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Q2 2021 — Building a team

June 1, 2021

Lockcard users were starting to request new features and complain about the way certain existing ones were designed. Lost in all this scattered information, undecided on how to prioritize user feedback.

Fresh talents

May 2021

Lockcard users were starting to request new features and complain about the way certain existing ones were designed. Lost in all this scattered information, undecided on how to prioritize user feedback, and upset about our personal work dynamic, Xinyi and I decided to bring on fresh faces to the team:

  • Suchen - user researcher
  • Yuxuan - graphic designer
  • Zoey - UX & strategy
  • Jewel - blog writer
  • Davis - iOS dev (replaced Kouzi)
Zoey and I working on onboarding design

Hiring Problems

'Marketer' left the room

The last hire in May was Xinyi's roommate, and our very good friend, to lead Lockcard's marketing. He doesn't have a lot of professional experience there but two things that made us want to hire him: he was very excited about working for a friend's startup, and he's a very networking-minded person. For example, he stalks people very well and isn't afraid to flaunt on LinkedIn when something good happens, whereas I feel like that is arrogant. On top of that, we were seeing each other every single day since he lived with Xinyi, so I thought I could use those moments to do stand-up.

But very quickly, red signs started to pile up. He worked very little in comparison to other members, came up with abstract goals (whereas marketing should be metric driven), and mostly importantly, he rarely took initiative, thus relying on founders to follow-up with him. 

Most will think that since he's not paid, it doesn't really matter. However, I have high standards for people, especially on a project I believe in so much as Lockcard. It took me too long to realized that I was spending more time on training him than the value we were getting in return. So, on the 3rd team meeting he skipped, we let him go. PS: He's still a very close friend today.

'3 Developers' left the room

Now this part is more interesting because both parties are to blame. Over the course of 3-4 months, we saw three developers join and then leave us. The first one was Kouzi who knew his starting state to his new full-time job at WeChat, and so naturally he couldn't stay longer. Then, we had Davis who runs his own app-development company, and was helping us irregularly throughout the week; he was quite knowledgable about widgets, but ultimately had to leave us to focus on his business. Last was Davis, who worked full-time for another company and so would spend his entire weekends on Lockcard. He was more skilled, more accountable and spoke better English, but falling sick one weekend meant that we lost 2 weeks of development time; he left us in August, afraid that he couldn't handle all the work on time.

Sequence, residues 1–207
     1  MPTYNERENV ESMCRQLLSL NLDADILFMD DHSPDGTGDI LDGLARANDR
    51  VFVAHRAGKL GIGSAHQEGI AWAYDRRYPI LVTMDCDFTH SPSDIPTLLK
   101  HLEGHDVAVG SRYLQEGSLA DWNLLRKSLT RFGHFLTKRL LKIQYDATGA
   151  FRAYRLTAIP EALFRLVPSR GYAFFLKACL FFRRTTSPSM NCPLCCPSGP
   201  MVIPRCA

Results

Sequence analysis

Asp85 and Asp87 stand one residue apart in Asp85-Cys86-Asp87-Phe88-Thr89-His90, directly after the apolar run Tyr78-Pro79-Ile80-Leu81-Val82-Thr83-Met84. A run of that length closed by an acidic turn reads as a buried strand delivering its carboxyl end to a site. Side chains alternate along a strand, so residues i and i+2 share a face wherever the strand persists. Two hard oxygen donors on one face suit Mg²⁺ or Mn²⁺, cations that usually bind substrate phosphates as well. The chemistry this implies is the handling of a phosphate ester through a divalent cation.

It is worth mentioning that all three developers spoke limited English, and that I spoke even worse Mandarin, and so most of our conversation had to be written so that I could translate them in my own time. You can read more about what's it's like working with a multi-lingual and multi-cultural team right here; it has its pros but it certainly did not help with speed and sometimes led to cultural misunderstandings.

my solution: WeChat translate each message 1 by 1

Developers are a weird specimen. I've worked with many over the course of my ventures, and I'm just learning that development differs from other professions in that it's very hard to do part-time and well. There's constantly a backlog of items, and being able to tackle only a few at a time, or even worse half an item per sprint, creates a lot of frustration for a startup. For blog writing, it's okay to take more time because it's an independent activity that doesn't affect other work much. 

And so, during our development sprints I put on my manager hat and focused on execution, which caused our developers to feel rushed and worry about writing low-quality code. As a result, for example, the first Upwork freelancers wrote code in a language that wasn't scalable, and Mickey left us with some major bugs. But I sincerely believe that growing a startup requires experimentation, and thus rapid execution without necessarily consensus from the entire team or bug-free features at every release.

Lesson learnt: we hired our first full-time paid iOS developer in September 2021, and it's much faster than before. [I'll go into more details about the new developer a bit later].

⬅️  Previous Phase
Q1 2021 — Beta, Launch, early users
➡️  Next Phase
Q3 2021 – Users, features, early monetization?